The manga consists of 6 volumes in Japanese.  I bought volumes 1 and 2 while in Japan.  I wanted more but…things.  Must be responsible with things (and not having too much of them).

My mouth dropped open just now, as I just searched on amazon.com to see if they’d have it as an import, to find that the first 4 volumes have been translated into English!!!  And for incredibly reasonable prices; there’s used versions available as well, even cheaper.  Check ’em out!

Neko Ramen Volume 1: Hey! Order Up!

Neko Ramen, Vol. 2

Neko Ramen, Vol. 3

Neko Ramen, Vol. 4

And, for those not interested in spending money (or acquiring more things) or in reading manga, there’s also been an anime made!  It consists of 12 very short (2 and 1/2 minutes each) episodes, and they can all pretty easily be found online, with English subtitles and all.  The anime uses the exact jokes from the manga and presents them in pretty rapid-fire form, adding voice overs obviously for Taisho and Mr. Tanaka and adding in sound effects.  I rather like the way the anime is presented; it seems very faithful to the manga and sticks closely to its style.

Here’s a link to the first episode:

The person who uploaded that one has all 12 episodes, so check them out!

My life has been made better having Neko Ramen in it; I hope you get some enjoyment out of it as well!  They do say that laughter is one of the best ways to release stress and feel good.  I am indebted to Taisho and his antics for helping me through my last few weeks in Japan.  Thank you Taisho!!!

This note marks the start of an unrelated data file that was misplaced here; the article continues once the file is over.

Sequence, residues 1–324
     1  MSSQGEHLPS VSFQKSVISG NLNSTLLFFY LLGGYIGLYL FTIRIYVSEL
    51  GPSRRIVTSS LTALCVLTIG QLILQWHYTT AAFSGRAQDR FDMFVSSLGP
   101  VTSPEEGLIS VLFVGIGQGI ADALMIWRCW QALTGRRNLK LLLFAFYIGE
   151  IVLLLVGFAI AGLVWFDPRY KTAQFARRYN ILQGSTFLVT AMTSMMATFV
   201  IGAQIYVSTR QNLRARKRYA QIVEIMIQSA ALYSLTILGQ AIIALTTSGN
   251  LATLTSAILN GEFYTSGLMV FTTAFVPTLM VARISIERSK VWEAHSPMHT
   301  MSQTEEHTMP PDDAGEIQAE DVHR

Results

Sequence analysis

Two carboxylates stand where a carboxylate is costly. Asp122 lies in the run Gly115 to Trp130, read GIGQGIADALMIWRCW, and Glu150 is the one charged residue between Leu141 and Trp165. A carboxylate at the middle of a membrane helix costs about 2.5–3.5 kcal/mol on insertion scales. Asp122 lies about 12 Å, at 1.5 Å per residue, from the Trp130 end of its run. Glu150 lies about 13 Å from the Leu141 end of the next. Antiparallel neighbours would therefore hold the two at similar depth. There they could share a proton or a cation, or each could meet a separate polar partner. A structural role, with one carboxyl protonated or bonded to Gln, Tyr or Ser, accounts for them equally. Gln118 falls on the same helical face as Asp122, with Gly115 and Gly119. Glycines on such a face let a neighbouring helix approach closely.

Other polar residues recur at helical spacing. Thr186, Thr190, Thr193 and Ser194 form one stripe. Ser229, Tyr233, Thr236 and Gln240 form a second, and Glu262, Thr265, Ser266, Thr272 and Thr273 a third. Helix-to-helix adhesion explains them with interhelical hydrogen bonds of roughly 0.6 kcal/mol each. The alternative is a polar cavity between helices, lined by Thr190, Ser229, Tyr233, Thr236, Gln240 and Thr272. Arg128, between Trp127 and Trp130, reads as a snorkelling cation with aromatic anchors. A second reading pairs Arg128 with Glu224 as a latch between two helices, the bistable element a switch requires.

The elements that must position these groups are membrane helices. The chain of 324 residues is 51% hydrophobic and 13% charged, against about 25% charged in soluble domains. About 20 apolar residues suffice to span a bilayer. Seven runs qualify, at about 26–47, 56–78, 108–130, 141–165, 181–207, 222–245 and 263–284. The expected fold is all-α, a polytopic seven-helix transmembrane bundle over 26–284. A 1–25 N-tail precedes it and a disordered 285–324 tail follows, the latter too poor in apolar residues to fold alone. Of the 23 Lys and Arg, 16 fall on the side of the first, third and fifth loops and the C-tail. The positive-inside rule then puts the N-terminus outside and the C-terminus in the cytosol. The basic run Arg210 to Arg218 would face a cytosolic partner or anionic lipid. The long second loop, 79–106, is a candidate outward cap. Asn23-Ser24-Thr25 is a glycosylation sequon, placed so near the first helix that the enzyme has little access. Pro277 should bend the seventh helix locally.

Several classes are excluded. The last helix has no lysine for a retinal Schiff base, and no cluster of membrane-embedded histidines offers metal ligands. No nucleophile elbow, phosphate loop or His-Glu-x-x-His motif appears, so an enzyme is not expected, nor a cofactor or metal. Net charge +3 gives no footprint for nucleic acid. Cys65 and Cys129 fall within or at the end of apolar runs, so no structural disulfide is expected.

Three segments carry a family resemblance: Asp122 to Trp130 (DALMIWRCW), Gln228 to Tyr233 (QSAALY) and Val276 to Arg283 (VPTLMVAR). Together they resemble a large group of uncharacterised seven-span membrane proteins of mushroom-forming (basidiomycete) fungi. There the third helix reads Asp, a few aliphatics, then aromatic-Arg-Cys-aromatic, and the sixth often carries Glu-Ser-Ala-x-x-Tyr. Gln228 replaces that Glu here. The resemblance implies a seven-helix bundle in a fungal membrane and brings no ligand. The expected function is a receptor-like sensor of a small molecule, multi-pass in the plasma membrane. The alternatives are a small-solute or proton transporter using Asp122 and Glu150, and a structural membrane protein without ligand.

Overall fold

Or perhaps I should be saying, Thank you Kenji Sonishi!  (the Author).

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#27 NHK “Euro 24” Educational Language Show

Back in October I became a vegetarian.

I first did it out of a reaction to the book: The China Study: The Most Comprehensive Study of Nutrition Ever Conducted And the Startling Implications for Diet, Weight Loss, And Long-term Health.

There’s also a DVD that’s been made based on the book’s contents. I’ve watched it, and I think it is worth checking out, if only for the scene that explains why we eat all the sugary things that we do.

Forks Over Knives: The Plant-Based Way to Health

Since then I have learned that the science in that book isn’t necessarily sound, in that, it’s not necessarily the meat, or dairy products that are causing cancer, but more likely it’s the highly refined sugars and processed foods that we’re consuming that is making us fat and sick. Part of the success of people that are put on these special whole-foods diets can be easily understood if you realize that people are switching from donuts and subway meatball sandwiches to having a ton of vegetables and fruits and whole grains in their diet. Instead of pigging out on chocolates, they’re getting full on peaches. That sort of thing.